Before kids, I guess I had a lot of free time. Life was more about me. I was always swimming. I started swimming when I was seven and training seriously by the age of 11. I went to my first Olympics in 1984. Since then, I have been putting in six hours of swimming every day for many years. Now, while I still swim, my life is really about my daughter.
How did I decide to become a mother? I have five siblings. There are six of us. I adored my nieces and nephews and I began to really want a child of my own. It took me a long time to have Tessa. I had her later because I felt like I could give her more of my time at that point. I could be there for her. If I had had her earlier, it would have been much tougher. I was 39 when I had her.
Being a mom really puts things into a perspective. In 2008, at the Beijing Olympics, all of these kids were getting ready to swim. They were thinking that this moment would be the most important thing that would ever happen to them. But, in my world, as the only mother in swimming in the Olympics, I knew that having my daughter was the most important thing. She really helped me put everything into perspective.
How was it to go back and compete so soon after having her? I thought my Olympics days were over, but some older master swimmers coaxed me into trying again. I didn’t know how I was going to balance being a mom and doing what I love to do, but I really looked to other working parents as my motivation and inspiration.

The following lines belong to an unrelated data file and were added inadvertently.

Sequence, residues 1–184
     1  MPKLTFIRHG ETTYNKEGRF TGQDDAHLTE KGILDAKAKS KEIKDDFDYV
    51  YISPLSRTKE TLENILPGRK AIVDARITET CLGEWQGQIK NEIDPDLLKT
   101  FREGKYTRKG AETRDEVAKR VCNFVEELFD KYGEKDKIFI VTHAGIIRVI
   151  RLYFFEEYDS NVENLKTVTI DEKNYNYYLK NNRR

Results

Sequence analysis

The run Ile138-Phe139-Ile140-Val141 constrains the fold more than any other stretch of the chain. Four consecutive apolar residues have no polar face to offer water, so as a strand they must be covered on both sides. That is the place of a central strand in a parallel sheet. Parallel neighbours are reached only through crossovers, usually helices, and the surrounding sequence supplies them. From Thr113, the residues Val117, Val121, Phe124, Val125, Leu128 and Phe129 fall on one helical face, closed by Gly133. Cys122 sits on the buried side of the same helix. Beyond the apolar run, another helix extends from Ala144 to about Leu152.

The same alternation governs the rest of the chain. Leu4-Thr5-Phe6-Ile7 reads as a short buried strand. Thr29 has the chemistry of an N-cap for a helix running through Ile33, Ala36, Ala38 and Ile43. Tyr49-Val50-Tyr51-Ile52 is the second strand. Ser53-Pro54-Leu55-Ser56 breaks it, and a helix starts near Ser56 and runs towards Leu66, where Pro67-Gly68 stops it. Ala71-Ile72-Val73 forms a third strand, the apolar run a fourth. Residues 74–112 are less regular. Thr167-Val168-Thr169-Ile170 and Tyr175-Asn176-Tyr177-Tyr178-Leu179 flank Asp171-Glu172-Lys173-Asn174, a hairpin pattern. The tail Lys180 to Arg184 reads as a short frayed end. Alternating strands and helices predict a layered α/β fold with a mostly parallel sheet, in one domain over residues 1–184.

The most challenging experience was leaving for the Beijing Olympics [in 2008] when Tessa was 15 months. There were no rules in place about bringing children. No other woman on the swim team had ever had a child. If I really wanted to achieve this dream, I had to put everything into it. I had to be with the team the entire time. I didn’t get to see her for about five weeks. The minute I finished my race, I saw one attraction, the Great Wall, and then went home to her. I’ll never forget. It was about 11 at night when I got in and she was fast asleep. When she woke in the morning, she called the nanny’s name. I whispered “Psst. Psst” –that’s my thing with her—and she came running over to me. It just felt so good to be home and with her again.
How have I changed? I am more patient. That would be the biggest change. You have to have patience when you have a child.
What wisdom would I have to offer other women struggling with balance? It’s important to understand that everyone feels guilty. When I have to be on the road for a day or two, I always feel guilty. That said, I think that the biggest gifts you can give your child are love and showing them happiness. When you are happy, you can more easily do what’s best for your child. You can balance being a great parent and doing what you love.